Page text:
The TrailFolk of Xunar-kun: Book Two in the Tellings of Xunar-kun by Tina Field HoweThe TrailFolk of Xunar-kun: Book Two in the Tellings of Xunar-kun by Tina Field Howe https://www.readerviewskids.com/wp-content/themes/corpus/images/empty/thumbnail.jpg 150 150 Reader Views Kids Reader Views Kids https://www.readerviewskids.com/wp-content/themes/corpus/images/empty/thumbnail.jpg
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The TrailFolk of Xunar-kun: Book Two in the Tellings of Xunar-kun
Tina Field Howe
TrialFolk Publishing (2008)
Reviewed by Ian McCurley (age 14) for Reader Views (10/08)
Taking place several cycles (years) after the first book, “The TrailFolk of Xunar-kun” begins with the Seekers, including Alysa and Szaren, arriving back at the Homesteads. Having found many Artifacts, but not having found the parents of the orphans, the Seekers agree to set out next summer with an extra band to continue the search. The orphans were recovered after a battle with the M’raudas, and they are the only proof of a tribe other than the Trailmen and the Field Folk. Alysa, the wife of Szaren, spends her first winter with the Trailmen in preparation for her next journey south with the rest of the Seekers. During this journey, they face many hardships and discover many things about their world, which was nearly destroyed 3,000 years before. After discovering the parents, the Soaring Folk, they return to the Homesteads where they begin to gather the orphans to be sent home with the parents. Unfortunately, it is discovered that the parents may have ulterior motives. It is up to Alysa and her former enemy, Haraht, to uncover and stop the plot. Will they succeed? Or will the malicious Trakip-sen and his underlings complete their plan?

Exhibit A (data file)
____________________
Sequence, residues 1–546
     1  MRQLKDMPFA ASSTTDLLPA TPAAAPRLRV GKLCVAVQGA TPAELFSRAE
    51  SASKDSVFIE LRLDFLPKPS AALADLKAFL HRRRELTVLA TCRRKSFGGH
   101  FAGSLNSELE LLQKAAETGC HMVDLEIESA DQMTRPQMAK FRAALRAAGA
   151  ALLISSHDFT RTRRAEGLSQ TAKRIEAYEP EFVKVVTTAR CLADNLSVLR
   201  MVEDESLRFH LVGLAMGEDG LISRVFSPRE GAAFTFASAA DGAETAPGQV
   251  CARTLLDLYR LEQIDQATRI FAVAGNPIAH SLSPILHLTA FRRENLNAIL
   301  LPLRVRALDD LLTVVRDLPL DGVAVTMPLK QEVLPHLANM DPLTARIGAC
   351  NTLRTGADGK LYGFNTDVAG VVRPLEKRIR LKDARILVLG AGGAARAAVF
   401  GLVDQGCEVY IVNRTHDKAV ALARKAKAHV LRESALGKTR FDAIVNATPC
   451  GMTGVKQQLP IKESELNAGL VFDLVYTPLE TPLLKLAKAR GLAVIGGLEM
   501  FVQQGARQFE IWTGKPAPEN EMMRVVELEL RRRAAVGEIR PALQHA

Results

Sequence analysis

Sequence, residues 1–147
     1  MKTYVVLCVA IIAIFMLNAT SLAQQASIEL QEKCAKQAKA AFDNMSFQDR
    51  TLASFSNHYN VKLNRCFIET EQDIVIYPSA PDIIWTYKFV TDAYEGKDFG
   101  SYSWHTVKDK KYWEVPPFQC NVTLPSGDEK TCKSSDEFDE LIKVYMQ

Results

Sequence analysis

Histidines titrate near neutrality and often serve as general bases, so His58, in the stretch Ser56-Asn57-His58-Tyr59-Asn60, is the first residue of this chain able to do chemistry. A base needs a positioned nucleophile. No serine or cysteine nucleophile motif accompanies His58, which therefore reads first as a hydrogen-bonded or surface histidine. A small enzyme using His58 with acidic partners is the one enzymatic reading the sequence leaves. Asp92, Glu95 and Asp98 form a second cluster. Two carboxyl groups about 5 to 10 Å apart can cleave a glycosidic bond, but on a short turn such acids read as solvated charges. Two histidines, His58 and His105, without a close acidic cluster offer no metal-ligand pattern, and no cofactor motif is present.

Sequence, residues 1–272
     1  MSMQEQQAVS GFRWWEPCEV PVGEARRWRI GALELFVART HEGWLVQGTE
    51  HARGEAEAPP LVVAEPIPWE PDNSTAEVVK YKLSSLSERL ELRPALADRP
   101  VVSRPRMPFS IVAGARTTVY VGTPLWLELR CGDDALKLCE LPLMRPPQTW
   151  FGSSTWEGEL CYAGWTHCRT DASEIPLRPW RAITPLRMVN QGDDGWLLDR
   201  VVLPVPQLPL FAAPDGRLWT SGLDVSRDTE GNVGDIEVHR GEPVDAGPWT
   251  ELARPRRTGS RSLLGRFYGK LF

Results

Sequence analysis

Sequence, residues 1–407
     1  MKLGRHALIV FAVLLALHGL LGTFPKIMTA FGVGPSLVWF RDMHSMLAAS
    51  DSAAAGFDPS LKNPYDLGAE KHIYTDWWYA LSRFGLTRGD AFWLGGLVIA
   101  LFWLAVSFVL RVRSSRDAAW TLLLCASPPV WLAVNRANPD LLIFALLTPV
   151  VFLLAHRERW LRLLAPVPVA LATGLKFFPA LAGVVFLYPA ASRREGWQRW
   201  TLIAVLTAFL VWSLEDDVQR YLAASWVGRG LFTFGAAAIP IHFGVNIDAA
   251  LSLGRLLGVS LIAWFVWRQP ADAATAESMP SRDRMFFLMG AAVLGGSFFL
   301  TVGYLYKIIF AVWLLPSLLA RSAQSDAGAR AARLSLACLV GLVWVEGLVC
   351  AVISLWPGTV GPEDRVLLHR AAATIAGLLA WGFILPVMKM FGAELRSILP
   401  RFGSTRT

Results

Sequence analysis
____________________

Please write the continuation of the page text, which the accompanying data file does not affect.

Tina Field Howe’s writing style would best be described as fanciful. Her creative style of science fiction combining elements of the post-apocalyptic, foreign planets and fantasy is refreshing. Sometimes the creative alternate names, such as nightchirper for cricket, are distracting. The “TrailFolk of Xunar-kun,” and Book One: “Alysa of the Fields,” are both more than worthy reads. They are for ages 10 and up, and would be enjoyed as a light read even by some adults, especially those who enjoy light-hearted, post-apocalyptic fiction with elements of romance and fantasy. I personally hope to see a third book in the series.
- Posted In:
- YOUNG ADULT – AGES 16 AND UP
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